Apr 4, 2023 - Health

Hospitals likelier to offer discounts to patients who pay cash

Illustration: Natalie Peeples/Axios

Hospitals routinely charge less to patients who pay in cash and seek to recoup the difference from commercially insured patients in markets where they can exert leverage, according to a new Johns Hopkins study published in Health Affairs.

Why it matters: The analysis for 70 services — drawn from data reported by 2,379 hospitals as of September 2022 — provides another window into the opaque world of hospital pricing and could be a data point for employers in their negotiations with insurers or directly with providers.

  • It also showed how 17 months after the implementation of a federal hospital price transparency rule, nearly half of the general acute care hospitals still had not disclosed most of their prices for mandated procedures, the authors wrote.

What they found: Hospitals routinely calculated cash prices and commercially negotiated rates in increments of a 5% discount from list prices, or "chargemasters."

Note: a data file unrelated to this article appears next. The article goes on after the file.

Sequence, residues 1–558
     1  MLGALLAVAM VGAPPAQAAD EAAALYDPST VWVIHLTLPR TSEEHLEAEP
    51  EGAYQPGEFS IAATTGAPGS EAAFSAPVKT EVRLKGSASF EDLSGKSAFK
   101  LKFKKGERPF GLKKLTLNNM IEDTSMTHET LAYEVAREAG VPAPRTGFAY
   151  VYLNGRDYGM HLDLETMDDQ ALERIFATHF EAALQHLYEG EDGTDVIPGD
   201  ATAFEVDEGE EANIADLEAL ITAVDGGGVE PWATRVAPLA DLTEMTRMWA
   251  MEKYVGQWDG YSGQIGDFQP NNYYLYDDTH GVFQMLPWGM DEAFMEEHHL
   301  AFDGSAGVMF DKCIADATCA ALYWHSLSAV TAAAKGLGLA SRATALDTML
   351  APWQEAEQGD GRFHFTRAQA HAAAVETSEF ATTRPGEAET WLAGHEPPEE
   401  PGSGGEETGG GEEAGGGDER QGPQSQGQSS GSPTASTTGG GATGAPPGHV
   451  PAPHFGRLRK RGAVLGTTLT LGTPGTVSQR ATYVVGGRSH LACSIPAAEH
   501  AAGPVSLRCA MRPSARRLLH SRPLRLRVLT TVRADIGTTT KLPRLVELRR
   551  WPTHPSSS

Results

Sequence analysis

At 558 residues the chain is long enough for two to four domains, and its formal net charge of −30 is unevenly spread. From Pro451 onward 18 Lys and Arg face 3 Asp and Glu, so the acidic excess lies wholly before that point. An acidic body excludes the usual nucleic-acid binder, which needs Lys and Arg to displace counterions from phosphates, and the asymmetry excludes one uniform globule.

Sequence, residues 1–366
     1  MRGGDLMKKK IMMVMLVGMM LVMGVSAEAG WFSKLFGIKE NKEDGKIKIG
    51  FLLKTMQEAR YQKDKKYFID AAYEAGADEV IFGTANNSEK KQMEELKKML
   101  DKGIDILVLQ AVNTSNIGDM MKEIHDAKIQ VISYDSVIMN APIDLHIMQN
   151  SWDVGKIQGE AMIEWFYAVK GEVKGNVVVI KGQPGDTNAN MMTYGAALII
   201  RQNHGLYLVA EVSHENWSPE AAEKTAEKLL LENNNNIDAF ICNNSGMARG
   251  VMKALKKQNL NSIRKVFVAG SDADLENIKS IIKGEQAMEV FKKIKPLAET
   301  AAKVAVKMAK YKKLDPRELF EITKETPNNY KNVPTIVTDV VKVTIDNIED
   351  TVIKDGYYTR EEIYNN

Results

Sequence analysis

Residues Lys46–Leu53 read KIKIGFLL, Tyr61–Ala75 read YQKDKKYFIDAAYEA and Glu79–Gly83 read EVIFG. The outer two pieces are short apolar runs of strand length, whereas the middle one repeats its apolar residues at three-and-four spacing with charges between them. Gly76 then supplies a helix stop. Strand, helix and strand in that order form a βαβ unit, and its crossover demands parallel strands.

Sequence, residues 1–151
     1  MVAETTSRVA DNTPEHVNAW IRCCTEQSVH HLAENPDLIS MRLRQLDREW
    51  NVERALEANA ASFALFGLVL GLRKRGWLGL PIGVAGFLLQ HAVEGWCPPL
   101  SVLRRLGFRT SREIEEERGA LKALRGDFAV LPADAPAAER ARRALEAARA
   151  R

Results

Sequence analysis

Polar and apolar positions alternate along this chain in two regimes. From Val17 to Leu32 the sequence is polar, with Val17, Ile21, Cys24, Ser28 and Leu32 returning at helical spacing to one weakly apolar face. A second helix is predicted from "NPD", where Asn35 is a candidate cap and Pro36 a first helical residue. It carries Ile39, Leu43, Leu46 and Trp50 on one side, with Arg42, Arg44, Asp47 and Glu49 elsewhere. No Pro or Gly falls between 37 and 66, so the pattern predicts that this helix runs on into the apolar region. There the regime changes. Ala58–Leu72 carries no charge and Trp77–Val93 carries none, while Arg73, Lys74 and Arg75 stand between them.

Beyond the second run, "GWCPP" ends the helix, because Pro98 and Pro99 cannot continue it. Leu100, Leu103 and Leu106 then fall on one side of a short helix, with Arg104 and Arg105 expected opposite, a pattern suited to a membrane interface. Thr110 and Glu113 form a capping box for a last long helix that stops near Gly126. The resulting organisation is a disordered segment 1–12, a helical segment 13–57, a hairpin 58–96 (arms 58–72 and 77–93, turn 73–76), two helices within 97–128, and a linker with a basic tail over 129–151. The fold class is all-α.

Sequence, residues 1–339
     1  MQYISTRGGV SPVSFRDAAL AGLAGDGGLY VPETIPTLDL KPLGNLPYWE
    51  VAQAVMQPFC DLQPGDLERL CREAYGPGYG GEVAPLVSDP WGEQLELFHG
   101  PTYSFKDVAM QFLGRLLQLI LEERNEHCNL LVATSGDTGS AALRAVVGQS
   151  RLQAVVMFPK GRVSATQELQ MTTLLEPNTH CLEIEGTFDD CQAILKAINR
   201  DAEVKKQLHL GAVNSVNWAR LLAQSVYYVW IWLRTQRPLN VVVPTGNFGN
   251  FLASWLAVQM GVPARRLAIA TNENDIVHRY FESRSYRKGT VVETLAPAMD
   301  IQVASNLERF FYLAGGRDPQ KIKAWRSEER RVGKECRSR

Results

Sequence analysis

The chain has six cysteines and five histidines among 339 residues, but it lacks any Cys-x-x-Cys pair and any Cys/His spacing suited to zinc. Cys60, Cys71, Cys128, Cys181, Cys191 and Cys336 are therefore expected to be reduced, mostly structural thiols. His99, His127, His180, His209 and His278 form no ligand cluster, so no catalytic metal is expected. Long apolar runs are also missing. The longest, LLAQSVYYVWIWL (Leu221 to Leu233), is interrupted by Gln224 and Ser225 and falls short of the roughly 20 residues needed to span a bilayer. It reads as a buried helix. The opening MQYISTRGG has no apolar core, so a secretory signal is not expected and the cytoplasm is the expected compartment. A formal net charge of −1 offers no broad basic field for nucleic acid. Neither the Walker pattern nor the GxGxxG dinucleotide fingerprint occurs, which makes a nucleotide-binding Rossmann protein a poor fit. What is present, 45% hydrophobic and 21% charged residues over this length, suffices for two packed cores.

• Cash prices were likelier to be lower than negotiated rates at nonprofit or government-owned hospitals that see more uninsured patients — and in areas with strong hospital market power, where facilities can shift costs to commercially-insured patients.
  • Offering lower-cash-price services could attract patients who choose to forgo coverage because of the high cost of health plans and could save facilities billing- and insurance-related expenses, the authors wrote.

Between the lines: Hospitals may be likelier to set lower cash prices if they're located in areas with high uninsurance or lower median household income, the study found.

  • Overall, cash prices were lower than or equal to the median negotiated rates for the same procedure in the same hospital 47% of the time — most commonly for consultations, exams and other "evaluation and management" services.

Of note: The authors said their study was limited by the fact that even hospitals that disclosed prices did so for 44 of the 70 procedures, on average. That prevented them from examining patient volume, care use or quality outcomes by cash-paying patients.

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